An intriguing scenario lurks within the Pacers roster, one that could address some of their primary concerns without the messiness of a major roster change. The trial runs have revealed flaws, however, and tweaks will have to be made before a full-scale version of it can be released.
Myles Turner and Domantas Sabonis are both 6-foot-11, 22-year-old players with solid bodies of work behind them and the potential for much greater accomplishments ahead of them.
They generally alternated at center this season but playing them together seems like a natural progression, not to mention a strategy that could bring a major reward.
Kevin Pritchard, the Pacers' President of Basketball Operations, hopes it can work out. He sees two complementary players who combine to provide just about everything a big man can contribute in the modern NBA game.
Turner is a 3-point threat who hit 36 percent of his attempts during the regular season and 46 percent in the playoffs. He was easily the team's best shot-blocker, at 1.8 per game, which ranked fifth in the NBA, and showed more interest in mixing it up around the basket as the season progressed.
Sabonis, meanwhile, had no problem at all mixing it up, and had the facial contusions to prove it. He was the Pacers' best rebounder (7.7 in 24.5 minutes per game) and its best post-up player, as well as a solid mid-range shooter with a field goal percentage of 51 percent. He also shows promise as a 3-point shooter, having hit 35 percent of his 37 attempts during the regular season. He gives the impression of being capable of becoming a more accurate shooter with more playing time and a brighter green light. Over his first 30 games as a rookie in Oklahoma City's wide-open offense last season, he hit 44 percent of his 3-point attempts, including three games in which he hit four.
Given what they've done already, and what they seem capable of doing in the future, the thought of combining them tickles the imagination.
"I don't think there's any doubt they can (play together)," Pritchard said. "You never know how they're going to play together, but I have a lot of faith they could be really good."
Pritchard quickly adds a caveat, however.
"They can't be exactly what they are right now," he said.
For the two to be an effective combination, each will have to round out his skill set. Neither is a classic center or power forward, so it seems best for them to become nearly interchangeable. Turner will need to add strength and become more effective around the basket, while Sabonis will need to hone his shooting touch. More than anything, they need to learn to play together and play off one another.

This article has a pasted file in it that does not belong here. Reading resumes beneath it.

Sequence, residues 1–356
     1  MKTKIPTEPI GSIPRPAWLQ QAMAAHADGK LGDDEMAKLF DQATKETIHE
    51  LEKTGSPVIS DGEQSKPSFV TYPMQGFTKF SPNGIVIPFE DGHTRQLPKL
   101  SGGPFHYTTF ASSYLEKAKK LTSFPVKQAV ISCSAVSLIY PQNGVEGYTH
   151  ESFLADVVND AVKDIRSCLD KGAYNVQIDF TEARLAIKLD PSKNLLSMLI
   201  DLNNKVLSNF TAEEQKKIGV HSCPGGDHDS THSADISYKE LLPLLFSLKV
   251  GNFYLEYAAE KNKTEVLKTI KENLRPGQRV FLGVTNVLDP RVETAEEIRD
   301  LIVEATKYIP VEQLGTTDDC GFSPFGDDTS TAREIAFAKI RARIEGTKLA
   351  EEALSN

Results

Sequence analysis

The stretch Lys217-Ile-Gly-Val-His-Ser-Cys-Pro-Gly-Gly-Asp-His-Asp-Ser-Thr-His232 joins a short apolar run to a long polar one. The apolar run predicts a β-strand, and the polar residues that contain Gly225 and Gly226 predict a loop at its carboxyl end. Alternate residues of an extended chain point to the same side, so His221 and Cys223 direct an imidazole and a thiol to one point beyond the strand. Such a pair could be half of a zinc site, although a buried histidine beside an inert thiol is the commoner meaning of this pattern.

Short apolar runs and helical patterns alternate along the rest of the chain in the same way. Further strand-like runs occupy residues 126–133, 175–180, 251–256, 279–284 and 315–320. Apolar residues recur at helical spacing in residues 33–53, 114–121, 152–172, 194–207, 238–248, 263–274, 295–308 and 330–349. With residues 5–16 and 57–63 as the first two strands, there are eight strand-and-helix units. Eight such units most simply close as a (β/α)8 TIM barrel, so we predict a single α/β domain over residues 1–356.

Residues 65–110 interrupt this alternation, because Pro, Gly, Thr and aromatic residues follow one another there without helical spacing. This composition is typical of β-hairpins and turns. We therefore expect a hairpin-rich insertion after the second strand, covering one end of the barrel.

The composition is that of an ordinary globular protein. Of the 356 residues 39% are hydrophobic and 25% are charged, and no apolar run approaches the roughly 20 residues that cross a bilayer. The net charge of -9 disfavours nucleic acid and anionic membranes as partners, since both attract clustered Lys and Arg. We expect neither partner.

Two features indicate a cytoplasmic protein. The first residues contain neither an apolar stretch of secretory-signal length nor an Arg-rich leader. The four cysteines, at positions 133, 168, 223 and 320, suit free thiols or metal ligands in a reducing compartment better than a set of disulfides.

"Players who play with each other a couple of years, they know where they're going to be," Pritchard said. "That makes the game come slower. Domas, the game already comes slow. He can make reads. Myles, he gets a little frantic. And that makes a difference. He's got to calm down a little bit."
Turner and Sabonis played together in 51 games, for a total of 268 minutes, during the regular season. The results, however, weren't as encouraging as one might assume based on their raw talent. The Pacers had a net rating of +1.6 points during the season, meaning they outscored opponents by that margin for every 100 possessions, but when Turner and Sabonis were in the game the Pacers were outscored by 6.2 points per 100 possessions.
The Pacers were, however, a better rebounding team when the two played together, grabbing 52.2 percent of all missed shots — better than the overall team percentage of 49.6 percent. They would address a primary weakness of a team that ranked 22nd in rebounding during the regular season. They also might draw more fouls if they are effective in the low post, a valuable contribution for a team that ranked 27th in free throw attempts. If they help provide 3-point shooting threats and spread the halfcourt offense, all the better. The Pacers ranked ninth in 3-point shooting percentage (.369) but only 26th in 3-point attempts.
If only it were that simple.
If Turner and Sabonis are starting together, who would defend the agile "stretch four" forward who plays primarily on the perimeter, such as Cleveland's Kevin Love or Golden State's Draymond Green? And, what would become of Thaddeus Young, should he return to the team next season? Young was the most consistent Pacers player in both the regular season and playoffs, and was their most valuable player in the postseason based on Win Share.
As Pritchard said during his press conference on Tuesday, addressing one concern sometimes creates another one.
Regardless of the makeup of the starting lineup, logic dictates Sabonis become part of it someday, or at least get more playing time than the 24 1/2 minutes he averaged this season. He had better scoring and rebounding averages than Turner on a per-minute basis — 17.1 points and 11.4 rebounds per 36 minutes, compared to 16.2 points and 8.2 rebounds.
Sabonis struggled through the first three playoff games against Cleveland, then scored 19, 22, and 19 points in the next three while hitting 26-of-35 shots. He relapsed in Game 7, hitting 3-of-10 shots on his way to 10 points, but showed the same promise he had showed in the regular season.
"Someday, he's a starter quality," Pritchard said. "You have to figure out how to get him on the floor for 30 minutes; he's just too good."
Figuring how to do that should be interesting. He's responsible for the solution as much as anyone, though. Turner can contribute to the equation, too.
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Mark Montieth's book, "Reborn: The Pacers and the Return of Pro Basketball to Indianapolis," covers the formation and early seasons of the franchise. It is available at retail outlets throughout Indiana and online at sources such as Amazon and Barnes & Noble.
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